Have you ever experienced a particularly trying moment and felt your body temperature rise? It might be before a big speech or after you narrowly dodged a car accident. The majority of us just brush it off as some fluke in our systems, and to some extent, this is true. However, for those who suffer from long-term anxiety, feeling a bit warm can be a much more confusing and worrisome instance. In this article, we will discuss anxiety and how it can cause some people to feel a bit feverish.
Is My Fever Caused By Anxiety?
The majority of us equate fevers to an oncoming cold or other illness. Fevers are the immune system’s way of more easily killing dangerous pathogens within our body before they can cause harm. If you have ever started feeling a bit sick after a particularly bad day, you might consider it to be the icing on the cake. However, the reality is that your fever might not be sickness at all.
Psychogenic fever is a commonly recognized psychosomatic response to stress and stress-related events. Whether you are worried about something that day or haven’t really relaxed for a month, you can actually end up with a full-on fever that is caused purely by stress. Psychosomatic responses are physical responses that occur from psychological triggers. They might include nausea, headaches, or even fevers. These occurrences have been studied for years simply because their causes are so intangible.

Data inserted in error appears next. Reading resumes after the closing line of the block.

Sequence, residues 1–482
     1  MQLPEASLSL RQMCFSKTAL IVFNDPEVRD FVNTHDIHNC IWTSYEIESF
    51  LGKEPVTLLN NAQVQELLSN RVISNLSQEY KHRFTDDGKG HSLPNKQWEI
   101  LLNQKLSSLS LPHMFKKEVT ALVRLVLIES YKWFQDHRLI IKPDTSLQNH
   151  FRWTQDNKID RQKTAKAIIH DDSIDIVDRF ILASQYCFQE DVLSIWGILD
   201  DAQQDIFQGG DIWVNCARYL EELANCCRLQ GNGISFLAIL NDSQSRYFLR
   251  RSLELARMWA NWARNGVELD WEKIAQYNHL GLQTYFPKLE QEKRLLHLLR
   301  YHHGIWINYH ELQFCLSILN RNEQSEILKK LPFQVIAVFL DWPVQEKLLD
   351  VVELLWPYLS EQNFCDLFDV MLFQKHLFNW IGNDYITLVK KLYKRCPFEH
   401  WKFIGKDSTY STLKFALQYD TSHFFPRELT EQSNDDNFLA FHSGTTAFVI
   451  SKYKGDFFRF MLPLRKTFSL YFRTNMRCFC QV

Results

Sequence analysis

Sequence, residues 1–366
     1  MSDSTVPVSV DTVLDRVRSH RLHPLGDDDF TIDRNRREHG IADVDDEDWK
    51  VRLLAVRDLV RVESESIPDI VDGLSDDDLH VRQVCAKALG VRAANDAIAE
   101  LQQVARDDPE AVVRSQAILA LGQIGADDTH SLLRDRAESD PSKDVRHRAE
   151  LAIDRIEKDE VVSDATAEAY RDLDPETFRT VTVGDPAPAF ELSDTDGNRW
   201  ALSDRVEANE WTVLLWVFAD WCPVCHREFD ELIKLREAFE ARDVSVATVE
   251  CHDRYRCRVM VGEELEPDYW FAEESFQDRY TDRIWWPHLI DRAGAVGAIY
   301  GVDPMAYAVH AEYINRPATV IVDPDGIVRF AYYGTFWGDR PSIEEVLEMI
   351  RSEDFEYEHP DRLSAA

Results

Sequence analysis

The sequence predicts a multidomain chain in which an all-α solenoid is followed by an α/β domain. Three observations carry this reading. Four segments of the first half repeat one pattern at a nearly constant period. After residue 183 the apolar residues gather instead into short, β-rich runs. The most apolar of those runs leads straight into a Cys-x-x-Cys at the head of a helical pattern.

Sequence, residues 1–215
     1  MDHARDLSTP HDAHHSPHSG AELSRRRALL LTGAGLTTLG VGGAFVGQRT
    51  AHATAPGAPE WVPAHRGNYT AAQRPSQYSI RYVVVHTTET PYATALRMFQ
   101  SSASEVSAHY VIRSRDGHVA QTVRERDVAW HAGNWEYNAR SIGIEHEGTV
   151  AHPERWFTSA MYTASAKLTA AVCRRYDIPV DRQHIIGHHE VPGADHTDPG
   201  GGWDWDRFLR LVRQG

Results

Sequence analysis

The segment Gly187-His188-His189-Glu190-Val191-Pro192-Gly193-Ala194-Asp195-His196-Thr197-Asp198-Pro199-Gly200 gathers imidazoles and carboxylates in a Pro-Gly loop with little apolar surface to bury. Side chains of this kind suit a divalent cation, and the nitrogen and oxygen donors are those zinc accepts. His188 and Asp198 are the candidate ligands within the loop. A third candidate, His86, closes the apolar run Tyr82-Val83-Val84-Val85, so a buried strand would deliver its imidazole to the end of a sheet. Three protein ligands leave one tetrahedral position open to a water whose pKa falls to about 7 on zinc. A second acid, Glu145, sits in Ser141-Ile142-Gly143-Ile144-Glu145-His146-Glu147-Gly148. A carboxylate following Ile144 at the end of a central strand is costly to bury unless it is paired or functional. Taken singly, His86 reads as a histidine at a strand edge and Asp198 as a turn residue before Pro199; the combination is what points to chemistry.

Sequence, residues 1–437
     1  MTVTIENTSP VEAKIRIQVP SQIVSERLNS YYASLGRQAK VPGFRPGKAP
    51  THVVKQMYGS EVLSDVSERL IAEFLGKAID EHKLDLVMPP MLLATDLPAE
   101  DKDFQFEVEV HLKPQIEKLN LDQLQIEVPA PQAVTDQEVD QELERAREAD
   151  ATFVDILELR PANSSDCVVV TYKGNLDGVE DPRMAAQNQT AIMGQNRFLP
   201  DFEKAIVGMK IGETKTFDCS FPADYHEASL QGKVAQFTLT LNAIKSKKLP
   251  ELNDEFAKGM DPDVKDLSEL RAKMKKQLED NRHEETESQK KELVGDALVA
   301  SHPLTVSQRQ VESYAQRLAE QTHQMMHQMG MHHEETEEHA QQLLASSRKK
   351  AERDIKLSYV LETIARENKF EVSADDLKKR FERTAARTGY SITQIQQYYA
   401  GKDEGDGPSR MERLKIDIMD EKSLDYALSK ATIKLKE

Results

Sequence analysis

Are Psychogenic Fevers Dangerous?
Psychogenic fevers are not ideal, but they are not generally considered to be dangerous. In most instances, it is something that you will want to treat if it is ongoing. There are no real concerns that your psychogenic fever will cause prevalent long-term damage. In most instances, they are generally circumstantial. However, this does not change the fact that they are remarkably unpleasant. When you are already feeling bad, the last thing that you want is to feel sick on top of it all.
How Can I Manage Psychogenic Fevers?
Treating a psychogenic fever is a bit of a loose topic in medicine. In most instances, people with ongoing fevers are treated for fevers and fevers alone while their doctors aim to determine the cause. Since anxiety is not the most tangible cause, it can lead to many people receiving additional testing to be certain that nothing else is wrong. While you can treat your body for the fever and lower your body temperature, the best way to treat them is to focus on relaxing and overcoming your anxiety.
When you experience a traumatic life event or even experience long-term anxiety, it can feel a bit like everything is working against you. It is incredibly common to feel like things simply aren’t right in your body. Fortunately for you, there is a wide range of ways to manage anxiety. If you notice that you are experiencing hot flashes or fevers when you are upset, it might be best to reach out to your doctor to create a wellness plan.